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Saying goodbye at airports the green way

Groundbreaking work is under way to establish just how big a carbon footprint is created by travel to and from airports.

The study is the first of its kind in the world to look at this issue. It also aims to pinpoint innovative measures that will cut these emissions, such as:

  • Setting up audio/video facilities at airports that can link with anyone's home, reducing the need to travel to airports to see off friends and family.
  • Situating luggage-drop facilities in city centres and train stations, making it easier to travel to airports by public transport.
  • Establishing web/mobile-based information-sharing services that promote car-sharing among airport users, employees etc.

The study is being carried out by a team from the Universities of Loughborough, Cranfield and Leeds, with funding from the Engineering and Physical Sciences Research Council (EPSRC).

"Aviation is a significant source of carbon emissions, but it's not just the planes that are a problem," says project leader Dr Tim Ryley of Loughborough University. "Travelling to and from airports also has a big impact, but no-one has yet quantified it or identified how to reduce it. This study will address that gap in our understanding."

The study will focus on two UK airports one international and one regional and generate recommendations that the aviation industry, airport authorities and policy-makers can implement to reduce aviation's overall carbon footprint.

The study will look at every kind of journey to and from airports. It will not only take into account people catching a flight but also those seeing off or meeting friends and relatives, as well as airline and airport employees.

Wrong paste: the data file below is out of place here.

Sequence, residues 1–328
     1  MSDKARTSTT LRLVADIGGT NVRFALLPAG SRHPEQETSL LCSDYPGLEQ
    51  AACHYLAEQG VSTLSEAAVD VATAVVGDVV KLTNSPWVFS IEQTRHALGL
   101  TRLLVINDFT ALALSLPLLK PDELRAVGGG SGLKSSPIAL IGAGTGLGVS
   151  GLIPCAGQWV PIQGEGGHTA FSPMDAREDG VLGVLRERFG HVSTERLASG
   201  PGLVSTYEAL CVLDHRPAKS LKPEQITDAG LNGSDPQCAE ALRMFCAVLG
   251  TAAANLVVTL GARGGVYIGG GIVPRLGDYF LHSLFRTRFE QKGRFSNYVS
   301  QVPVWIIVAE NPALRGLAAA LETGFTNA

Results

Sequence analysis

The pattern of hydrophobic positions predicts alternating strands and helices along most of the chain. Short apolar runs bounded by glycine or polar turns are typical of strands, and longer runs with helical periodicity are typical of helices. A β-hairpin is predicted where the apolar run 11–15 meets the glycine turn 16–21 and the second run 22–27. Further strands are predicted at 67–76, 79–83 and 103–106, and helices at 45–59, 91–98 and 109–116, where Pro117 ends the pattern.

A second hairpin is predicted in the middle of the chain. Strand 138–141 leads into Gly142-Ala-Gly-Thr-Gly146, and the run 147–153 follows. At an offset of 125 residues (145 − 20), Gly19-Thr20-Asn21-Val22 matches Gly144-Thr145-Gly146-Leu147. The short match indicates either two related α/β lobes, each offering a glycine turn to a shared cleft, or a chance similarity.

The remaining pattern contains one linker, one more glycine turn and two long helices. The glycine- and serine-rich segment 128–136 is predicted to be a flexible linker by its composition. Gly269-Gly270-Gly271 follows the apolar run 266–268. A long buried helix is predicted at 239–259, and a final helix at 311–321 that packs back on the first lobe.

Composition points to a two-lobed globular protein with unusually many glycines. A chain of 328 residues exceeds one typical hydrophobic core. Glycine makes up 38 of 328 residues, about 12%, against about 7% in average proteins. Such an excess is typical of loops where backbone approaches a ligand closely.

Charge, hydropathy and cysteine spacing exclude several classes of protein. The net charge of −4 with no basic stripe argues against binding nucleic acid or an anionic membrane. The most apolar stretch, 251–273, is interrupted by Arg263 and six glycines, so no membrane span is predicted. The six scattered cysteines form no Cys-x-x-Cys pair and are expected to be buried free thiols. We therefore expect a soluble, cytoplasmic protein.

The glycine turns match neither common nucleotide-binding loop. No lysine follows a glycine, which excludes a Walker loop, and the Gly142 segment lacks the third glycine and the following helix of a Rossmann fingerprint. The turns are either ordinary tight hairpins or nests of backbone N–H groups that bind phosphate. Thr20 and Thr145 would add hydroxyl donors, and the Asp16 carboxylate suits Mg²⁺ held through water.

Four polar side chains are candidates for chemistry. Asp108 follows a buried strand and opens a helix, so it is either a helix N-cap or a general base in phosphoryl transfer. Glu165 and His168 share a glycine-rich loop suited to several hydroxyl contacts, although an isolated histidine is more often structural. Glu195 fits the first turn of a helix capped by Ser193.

It will also assess the impact of different types of delivery (food, fuel etc), freight movement and other logistics associated with airport terminals and surrounding facilities.

Importantly, as well as devising and evaluating innovative ways of reducing the carbon footprint of airport journeys (using tried and tested computer modelling techniques) and quantifying their carbon reduction potential, the study will conduct market research to explore how receptive people would be to any recommended changes.

"There's no point developing and implementing a carbon-reduction measure if it won't work in the real world perhaps because it involves people paying more than they're prepared to pay," says Dr Ryley. "So developing a realistic understanding of attitudes and motivations with respect to people's environmental behaviour will be key to delivering a practical set of recommendations."

An important feature of the project is its interdisciplinary nature, harnessing social sciences and economics alongside engineering and the physical sciences.

The study is due to deliver its conclusions by the end of 2012.


Contact: EPSRC Press Office
Engineering and Physical Sciences Research Council

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